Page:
Originally created 02/15/02

Tough to tame



NORTH AUGUSTA - The heady scent of winter daphne in bloom is a harbinger of spring for gardeners who dare tame the temperamental bush.

Karen Oliver, a master gardener, is brave enough; she has two daphne odora, winter-blooming evergreen shrubs, in her Sedgewood Court yard. The shrubs produce fragrant clusters of tiny pink or off-white trumpet-shaped blooms from January through March, followed by attractive berries.

"They are just wonderful shrubs," Mrs. Oliver said. "They are temperamental, I hear. But the fragrance is terrific."

Mrs. Oliver's daphne is healthy and has given her no problems, but the shrub is considered finicky and difficult to grow. Sometimes a healthy-looking plant will suddenly droop as if scalded and quickly die.

Root rot may be the culprit, said Jennie Addie, sales associate at Green Thumb West nursery in Martinez. Winter daphne is more susceptible to root rot than other landscape plants, so good drainage is key to its survival.

Mrs. Oliver worked lots of compost into the heavy clay soil and planted the shrub in a mound, about 2-3 inches above the ground. The shrubs were mulched for protection.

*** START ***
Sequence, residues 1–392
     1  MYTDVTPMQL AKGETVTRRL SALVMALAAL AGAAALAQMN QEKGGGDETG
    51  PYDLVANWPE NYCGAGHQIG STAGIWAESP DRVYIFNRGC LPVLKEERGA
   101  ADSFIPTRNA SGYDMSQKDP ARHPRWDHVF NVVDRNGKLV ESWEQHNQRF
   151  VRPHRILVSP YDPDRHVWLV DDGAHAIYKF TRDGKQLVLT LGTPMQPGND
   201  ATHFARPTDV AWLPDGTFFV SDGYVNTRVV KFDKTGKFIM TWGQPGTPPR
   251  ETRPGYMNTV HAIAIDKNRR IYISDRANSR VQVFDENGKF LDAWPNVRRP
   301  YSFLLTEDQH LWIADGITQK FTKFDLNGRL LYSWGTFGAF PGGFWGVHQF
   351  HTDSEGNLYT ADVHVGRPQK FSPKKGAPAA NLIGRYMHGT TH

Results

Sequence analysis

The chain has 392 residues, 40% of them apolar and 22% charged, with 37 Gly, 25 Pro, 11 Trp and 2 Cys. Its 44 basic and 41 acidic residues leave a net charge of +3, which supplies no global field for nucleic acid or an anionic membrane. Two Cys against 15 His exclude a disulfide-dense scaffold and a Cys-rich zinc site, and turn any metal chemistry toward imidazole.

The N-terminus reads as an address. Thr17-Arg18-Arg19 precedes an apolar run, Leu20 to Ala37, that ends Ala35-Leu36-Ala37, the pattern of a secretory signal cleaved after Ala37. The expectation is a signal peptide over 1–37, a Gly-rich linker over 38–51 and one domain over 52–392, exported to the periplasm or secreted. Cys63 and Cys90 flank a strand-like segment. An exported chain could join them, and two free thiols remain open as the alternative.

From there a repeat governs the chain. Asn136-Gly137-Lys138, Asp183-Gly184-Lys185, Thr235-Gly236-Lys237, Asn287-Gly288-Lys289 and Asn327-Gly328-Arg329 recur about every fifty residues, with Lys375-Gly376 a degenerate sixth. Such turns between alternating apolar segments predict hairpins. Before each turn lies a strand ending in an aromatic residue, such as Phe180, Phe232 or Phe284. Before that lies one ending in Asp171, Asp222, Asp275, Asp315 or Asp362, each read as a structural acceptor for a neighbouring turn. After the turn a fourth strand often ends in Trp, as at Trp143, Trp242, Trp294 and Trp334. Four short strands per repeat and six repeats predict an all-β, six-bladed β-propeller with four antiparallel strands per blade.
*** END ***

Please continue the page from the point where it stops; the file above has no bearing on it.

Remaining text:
Success with daphne also depends on placement.

An area in partial shade that gets morning sun is ideal for winter daphne, Ms. Addie said. Mrs. Oliver has a pink-blossoming shrub with solid green leaves (Greenleaf pink) in a mostly shaded area that has just begun to bloom.

An off-white blooming shrub with leaves bordered in yellow (Aureo-marginata alba) is in a location that only gets morning sun. It is a little more robust and began blooming at the end of January.

Once daphne is established, do not move it.

"You cannot transplant them," Mrs. Oliver said. "They are very temperamental about being transplanted."

With proper planting and placement, these dainty, sweet-smelling bushes need no pampering. Mrs. Oliver fertilizes them twice a year, in mid-March and mid-September, and limes them yearly, as she does her entire property.

"They get no special attention - no pruning, no spraying," Mrs. Oliver said.

Daphne is a hardy plant, so pruning some clusters to sweeten indoor air will not harm the shrub.

Daphne is poisonous, so no pests eat it. The shrub does not seem to be susceptible to any diseases, except for root rot. Daphne tolerates temperatures to 10 degrees before bud loss or defoliation occurs on unprotected plants.

"They are fabulous plants," Ms. Addie said.

The heavy scent of winter daphne reminds gardeners that spring is on the way.

"It just makes you feel so good to come out (and see something blooming)," Mrs. Oliver said.

Reach Valerie Rowell at (803) 279-6895 or valmac007@hotmail.com.